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Editorial
Valentine Blues

 

"Call around 3 p.m.," Kate's email read. "Phil, the boys and I will be here all day…together…one happy family…again…where did I put that axe?

"Just call anytime, I'll be here or will be near enough that a holler out the door will bring me to the phone. I've a feeling I won't chew through my wrist bones and get free today.

"(Just kidding.)

"(Sorta.)"

Hmm, chewing through your wrist bones in a futile effort to avoid another snow-enforced day of family togetherness… Sounds [Insert loud sniveling noises here.] wonderful!

About eight months ago, my husband Greg's dad suffered a major health crisis. Greg's brother, who lives about an hour away in the same state, naturally chose that morning to go on a pre-paid family vacation.

Greg and I hauled our cookies up to New Jersey to help out. A few days later, work compelled me to return to Virginia. Unfortunately, Greg's dad and the New Jersey medical establishment lost no time in creating a health care version of A Confederacy of Dunces. So my sweetie stayed to mitigate the worst of the ever-expanding catastrophes.

And stayed.

And stayed.

Greg's father and brother do not deserve him. I probably don't deserve him either, but I married him, and I want him back. Now!

As an Army brat, I learned early that loving a military man -- even in peacetime -- meant long and emotionally painful separations from the better half of your soul. Believing that separation serves a greater good helps justify it, but it doesn't make it any easier. I profoundly respect and admire the couples who make that sacrifice in the name of our national defense. But I never intended to live apart from my husband. So much for dodging Fate.

To be fair, our situation in no way approaches the trials and terror of a military separation. The shooting war between the lawyers, hospitals and Greg's very own Dad-zilla is purely metaphoric. Greg and I can phone each other whenever we want. He can even make the occasional holiday escape. But I hate it all the same.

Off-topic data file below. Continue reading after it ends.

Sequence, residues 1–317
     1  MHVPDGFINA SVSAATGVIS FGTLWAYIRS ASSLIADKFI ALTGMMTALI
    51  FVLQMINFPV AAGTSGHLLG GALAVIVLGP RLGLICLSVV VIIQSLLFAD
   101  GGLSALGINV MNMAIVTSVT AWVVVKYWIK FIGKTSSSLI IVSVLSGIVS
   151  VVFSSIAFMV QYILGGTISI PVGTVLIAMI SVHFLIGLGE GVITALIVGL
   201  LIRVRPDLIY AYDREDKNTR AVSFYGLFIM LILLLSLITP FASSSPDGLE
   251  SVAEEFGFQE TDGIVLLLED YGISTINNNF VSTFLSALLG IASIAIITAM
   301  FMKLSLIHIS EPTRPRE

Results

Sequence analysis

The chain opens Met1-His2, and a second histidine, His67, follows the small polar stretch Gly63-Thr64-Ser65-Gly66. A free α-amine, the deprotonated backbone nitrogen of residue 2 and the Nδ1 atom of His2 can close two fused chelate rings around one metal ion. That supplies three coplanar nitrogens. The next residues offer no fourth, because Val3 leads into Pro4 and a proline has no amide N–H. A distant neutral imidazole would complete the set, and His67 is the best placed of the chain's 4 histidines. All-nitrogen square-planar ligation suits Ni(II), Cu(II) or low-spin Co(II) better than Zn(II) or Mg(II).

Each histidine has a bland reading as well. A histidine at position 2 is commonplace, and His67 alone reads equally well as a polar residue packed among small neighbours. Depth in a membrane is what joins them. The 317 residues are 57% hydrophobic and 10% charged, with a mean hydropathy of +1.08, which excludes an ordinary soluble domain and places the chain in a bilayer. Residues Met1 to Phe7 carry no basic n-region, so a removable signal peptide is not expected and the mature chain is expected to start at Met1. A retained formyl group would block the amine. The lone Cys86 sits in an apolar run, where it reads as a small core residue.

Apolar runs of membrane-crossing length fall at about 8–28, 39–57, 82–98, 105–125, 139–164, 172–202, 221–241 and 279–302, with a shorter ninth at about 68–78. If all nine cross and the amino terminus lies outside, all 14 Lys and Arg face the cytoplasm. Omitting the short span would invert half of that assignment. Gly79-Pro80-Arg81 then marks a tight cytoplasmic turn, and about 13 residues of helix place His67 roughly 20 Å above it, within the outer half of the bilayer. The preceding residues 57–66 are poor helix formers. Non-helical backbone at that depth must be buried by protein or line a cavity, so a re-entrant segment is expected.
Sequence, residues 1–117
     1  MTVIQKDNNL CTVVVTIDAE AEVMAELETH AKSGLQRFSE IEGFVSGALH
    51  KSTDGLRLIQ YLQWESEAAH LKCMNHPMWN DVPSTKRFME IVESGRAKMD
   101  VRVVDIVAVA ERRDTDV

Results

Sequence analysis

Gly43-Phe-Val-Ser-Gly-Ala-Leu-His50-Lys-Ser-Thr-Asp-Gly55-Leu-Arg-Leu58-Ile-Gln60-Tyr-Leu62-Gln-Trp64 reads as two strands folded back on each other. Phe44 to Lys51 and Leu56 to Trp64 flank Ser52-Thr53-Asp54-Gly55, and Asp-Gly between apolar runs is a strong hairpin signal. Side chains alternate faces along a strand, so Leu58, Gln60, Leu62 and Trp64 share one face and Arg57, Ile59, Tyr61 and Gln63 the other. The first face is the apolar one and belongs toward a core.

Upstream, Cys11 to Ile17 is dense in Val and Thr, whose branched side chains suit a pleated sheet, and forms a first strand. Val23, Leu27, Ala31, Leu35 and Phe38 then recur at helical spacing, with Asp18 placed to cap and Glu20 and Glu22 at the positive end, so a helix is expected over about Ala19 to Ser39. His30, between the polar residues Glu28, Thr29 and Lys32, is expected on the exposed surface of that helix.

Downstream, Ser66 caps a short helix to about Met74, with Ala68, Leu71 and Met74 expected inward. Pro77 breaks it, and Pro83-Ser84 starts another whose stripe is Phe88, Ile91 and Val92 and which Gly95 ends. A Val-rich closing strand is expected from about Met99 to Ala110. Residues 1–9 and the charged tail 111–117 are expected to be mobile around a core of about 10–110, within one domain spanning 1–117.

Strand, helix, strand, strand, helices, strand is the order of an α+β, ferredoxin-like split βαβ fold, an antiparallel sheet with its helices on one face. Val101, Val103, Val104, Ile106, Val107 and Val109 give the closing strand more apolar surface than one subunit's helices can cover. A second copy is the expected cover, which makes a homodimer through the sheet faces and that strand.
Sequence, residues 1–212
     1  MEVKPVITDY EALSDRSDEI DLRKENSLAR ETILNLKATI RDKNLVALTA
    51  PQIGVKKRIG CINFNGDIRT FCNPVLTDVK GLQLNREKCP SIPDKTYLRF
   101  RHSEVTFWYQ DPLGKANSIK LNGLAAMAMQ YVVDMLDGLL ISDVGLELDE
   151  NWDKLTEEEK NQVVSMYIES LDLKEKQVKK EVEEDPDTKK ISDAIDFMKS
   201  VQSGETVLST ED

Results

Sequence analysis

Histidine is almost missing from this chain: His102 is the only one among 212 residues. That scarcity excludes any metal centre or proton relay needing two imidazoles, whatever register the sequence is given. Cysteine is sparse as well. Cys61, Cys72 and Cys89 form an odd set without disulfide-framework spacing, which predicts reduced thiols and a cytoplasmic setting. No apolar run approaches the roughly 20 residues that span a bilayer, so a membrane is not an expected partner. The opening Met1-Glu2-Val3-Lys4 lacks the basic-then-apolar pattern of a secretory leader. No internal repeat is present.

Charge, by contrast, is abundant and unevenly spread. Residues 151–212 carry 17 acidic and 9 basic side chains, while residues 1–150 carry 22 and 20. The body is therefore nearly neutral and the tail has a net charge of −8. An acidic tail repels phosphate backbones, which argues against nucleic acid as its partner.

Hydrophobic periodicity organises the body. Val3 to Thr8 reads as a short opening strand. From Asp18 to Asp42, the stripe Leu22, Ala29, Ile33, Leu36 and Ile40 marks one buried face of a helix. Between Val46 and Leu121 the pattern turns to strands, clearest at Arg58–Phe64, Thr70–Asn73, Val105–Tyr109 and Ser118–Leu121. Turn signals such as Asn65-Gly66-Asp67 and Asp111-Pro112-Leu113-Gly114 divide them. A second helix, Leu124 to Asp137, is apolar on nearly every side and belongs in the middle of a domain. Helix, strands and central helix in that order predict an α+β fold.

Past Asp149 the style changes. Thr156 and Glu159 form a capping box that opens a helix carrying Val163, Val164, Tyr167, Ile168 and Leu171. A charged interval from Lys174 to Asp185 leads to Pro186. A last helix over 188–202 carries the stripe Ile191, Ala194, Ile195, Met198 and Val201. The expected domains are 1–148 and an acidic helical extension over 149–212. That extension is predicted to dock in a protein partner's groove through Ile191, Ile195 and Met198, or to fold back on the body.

Oh, I can handle the big challenges of the suddenly single life. Demanding, emotionally satisfying and well-remunerated work fills my days. I learned to balance my checkbook at 15 and never looked back. I can relocate mice and kill bugs with impunity -- even big, nasty, flying, hissing palmetto bugs with no business breeding in northern Virginia. (Don't ask.)

I can fill the car with gas and check the tires. I can make our mechanic laugh with my descriptions of the noises under the hood.

Personal safety is not an issue. For some unknown reason, my neighbors guard me like a national treasure. (Always agree to let the neighbor kids mow your lawn and shovel your snow -- three and four times a day, if necessary. They'll come to view you as an irreplaceable source of income, and their parents will act accordingly.)

But the details of living apart just bite. I can't seem to loosen the screws to the big brass lantern that serves as our dining room chandelier. So I can't swap out the dead light bulb. The kitchen sink developed a slow leak. No point in calling a plumber. I just need to clear the filter on the faucet. But even with pliers, I can't seem to persuade the darn thing to cooperate. Where can I find someone to drive my mom to the emergency dental appointment she scheduled in the middle of a cannot-miss meeting?

Then there's that big empty bed and a snowbound house that refuses to warm up no matter how high I turn the thermostat.

I bet Kate won't be cold today. Not in her heart, where it counts.

All of us at Crescent Blues wish you a happy and heart-warm Valentine's Day. May you spend it with the people you love. If you haven't found one particular person yet, may the day set you on the road to mutual discovery. If circumstances keep you apart, may you enjoy a speedy reunion and a healthy, happy, long life. Together.

Jean Marie Ward

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